The Russian Penal System. Can Public Oversight Make Much Difference?

25 November 2013

By Martin Dewhirst

Regular readers of Rights in Russia may remember an item in the issue for 11 November 2013 entitled ‘Human rights activists sound the alarm over Public Monitoring Commissions’. These Commissions (PMCs) were established by federal law No. 76 of 10 June 2008 and, according to an interview with Lyudmila Alekseyeva, the doyenne of Russian defenders of human rights, they are the first and so far the only ‘legislatively established instruments of public control over organs of state’. All the various ‘public councils’ are mere window-dressing (Novaya gazeta, No. 125, 8/11/2013, pp. 2-3). But who actually appoints the members of the PMCs? Not the federal ombudsman or the regional ombudsmen and their staff, but the Public Chamber in Moscow and its staff (for the most part highly and deliberately incompetent as well as biased, to judge from the article already published in Rights in Russia). Alekseyeva accuses those who finalise the selection of members of the PMCs of packing them with ‘veterans’ of the Federal Service for the Implementation of Punishments, the Procuracy and the police, which have their own ‘social/public organisations’ from which ‘volunteers’ to join the PMCs can legitimately be chosen. A fine example of this very ‘Soviet’ hypocrisy is provided in Novaya gazeta No. 123, 1/11/2013, p. 9, where Anton Tsvetkov, the chairman of the presidium of an organisation called ‘The Officers of Russia’ is said to be planning to replace Valery Borshchev, the long-standing, committed and very effective chairman of the Moscow PMC. The track records and achievements of these two men are amazingly different. 

Of course, such a blatant attempt to take over and weaken an independently functioning and reasonably successful organisation is harder to carry out in Moscow than in the provinces. I have recently been reading an impressive 171-page book (pp. 130-171 provide a short version of the contents in English) entitled Monitoring primeneniya pytok v ugolovno-ispolnitel’noy sisteme Chelyabinskoy oblasti (Monitoring the Use of Torture in the Criminal Implementation System of Chelyabinsk Region). (It’s available online at Rather than dwelling on relatively unimportant matters like the inadequate food provided for the inmates of 23 local penal institutions, the four authors (members of the Urals Democratic Foundation, the ‘Women of Eurasia’ Association and the All-Russian Movement for Human Rights) concentrate on the deliberate infliction of torture on people deprived of liberty in this region during the last few years. On 31 May 2008 (just ten days before the passing of the law on PMCs) four convicts being held in a transit facility near Chelyabinsk were beaten to death by guards (the head of the area’s penal service was given a suspended sentence of five years in 2010, reduced to four years in 2012). In June 2010 an inmate of a correctional colony nearby was murdered by another inmate with the connivance of penal service officers (three of whom were sentenced to terms of four and four-and-a-half years), but the murderer was declared to be not guilty, as was the head of the colony at the time of the murder. And exactly one year ago (24-27 November, 2012) in another penal institution almost all the 1,500 inmates staged a massive protest against their widespread mistreatment which passed off without any violence by the demonstrators but not without violence by representatives of the state authorities. One fears that it is only a matter of time before further tragedies take place – and not only in this region. It may be indicative that although at least three of the four authors of the report are members of the Chelyabinsk PMC they form a minority there (the other PMC members appear to be demonstratively inactive and even anxious to make difficulties for the authors) and write as members of other organisations. PMCs can consist of anything from three to 40 members, and it looks as though the bigger a PMC is, the greater the ballast of people who are trying to impede its proclaimed objectives.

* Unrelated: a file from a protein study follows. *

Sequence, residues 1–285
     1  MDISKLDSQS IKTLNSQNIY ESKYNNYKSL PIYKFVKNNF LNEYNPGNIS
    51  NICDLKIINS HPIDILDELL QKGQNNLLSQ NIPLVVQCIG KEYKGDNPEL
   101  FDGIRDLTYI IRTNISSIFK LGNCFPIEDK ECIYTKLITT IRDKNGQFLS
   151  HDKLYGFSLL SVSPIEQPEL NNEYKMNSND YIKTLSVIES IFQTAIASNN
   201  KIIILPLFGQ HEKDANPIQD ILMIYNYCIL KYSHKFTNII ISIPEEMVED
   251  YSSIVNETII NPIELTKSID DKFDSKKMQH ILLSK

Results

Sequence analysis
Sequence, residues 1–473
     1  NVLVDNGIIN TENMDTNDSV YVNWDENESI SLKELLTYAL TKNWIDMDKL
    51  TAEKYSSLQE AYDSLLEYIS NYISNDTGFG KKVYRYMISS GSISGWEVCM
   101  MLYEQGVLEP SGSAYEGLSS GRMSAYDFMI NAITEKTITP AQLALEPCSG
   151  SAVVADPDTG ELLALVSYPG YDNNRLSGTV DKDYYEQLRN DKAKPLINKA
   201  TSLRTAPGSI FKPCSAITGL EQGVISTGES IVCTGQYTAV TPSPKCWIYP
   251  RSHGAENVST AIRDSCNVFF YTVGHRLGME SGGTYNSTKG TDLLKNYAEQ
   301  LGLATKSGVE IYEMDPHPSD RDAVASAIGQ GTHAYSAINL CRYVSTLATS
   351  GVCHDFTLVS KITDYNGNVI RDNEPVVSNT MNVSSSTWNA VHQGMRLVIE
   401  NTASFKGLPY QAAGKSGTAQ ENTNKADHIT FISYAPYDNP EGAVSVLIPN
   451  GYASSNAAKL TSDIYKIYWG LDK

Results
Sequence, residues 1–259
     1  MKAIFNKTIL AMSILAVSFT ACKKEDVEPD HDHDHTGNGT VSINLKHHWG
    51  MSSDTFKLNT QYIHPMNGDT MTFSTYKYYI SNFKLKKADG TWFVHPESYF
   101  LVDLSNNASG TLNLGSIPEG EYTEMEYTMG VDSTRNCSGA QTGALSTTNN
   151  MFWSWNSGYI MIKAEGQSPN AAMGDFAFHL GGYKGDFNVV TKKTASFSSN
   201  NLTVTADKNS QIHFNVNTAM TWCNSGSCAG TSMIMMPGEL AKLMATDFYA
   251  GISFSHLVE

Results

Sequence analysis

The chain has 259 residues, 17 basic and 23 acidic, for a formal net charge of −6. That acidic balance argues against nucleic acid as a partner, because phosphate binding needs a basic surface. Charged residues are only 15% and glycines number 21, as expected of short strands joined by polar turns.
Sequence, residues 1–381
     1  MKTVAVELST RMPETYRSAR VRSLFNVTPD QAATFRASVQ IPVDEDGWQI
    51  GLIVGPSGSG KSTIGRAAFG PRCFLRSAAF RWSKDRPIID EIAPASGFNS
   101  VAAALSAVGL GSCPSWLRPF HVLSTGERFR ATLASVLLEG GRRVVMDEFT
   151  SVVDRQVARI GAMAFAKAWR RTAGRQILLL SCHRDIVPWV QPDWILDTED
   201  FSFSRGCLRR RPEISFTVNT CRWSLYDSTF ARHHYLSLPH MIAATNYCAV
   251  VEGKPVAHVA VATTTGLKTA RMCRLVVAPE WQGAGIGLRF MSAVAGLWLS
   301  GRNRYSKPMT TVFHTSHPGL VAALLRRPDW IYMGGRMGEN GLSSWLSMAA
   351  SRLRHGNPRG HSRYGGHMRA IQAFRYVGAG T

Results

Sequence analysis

One often reads that Russian society is very weak, but a study of the PMCs makes it clear that this is at least in part the result of the political authorities’ clear desire to ensure that society remains very weak and uncoordinated (divide it and rule it!). Some would say that convicted persons don’t deserve to be treated in a humane way. In her recent interview (p. 2), Lyudmila Alekseyeva claims that when she talks with representatives of the Federal Service for the Implementation of Punishments they say (off the record, of course) that about a third of those currently behind bars in Russia are innocent. That is well over 200,000 people.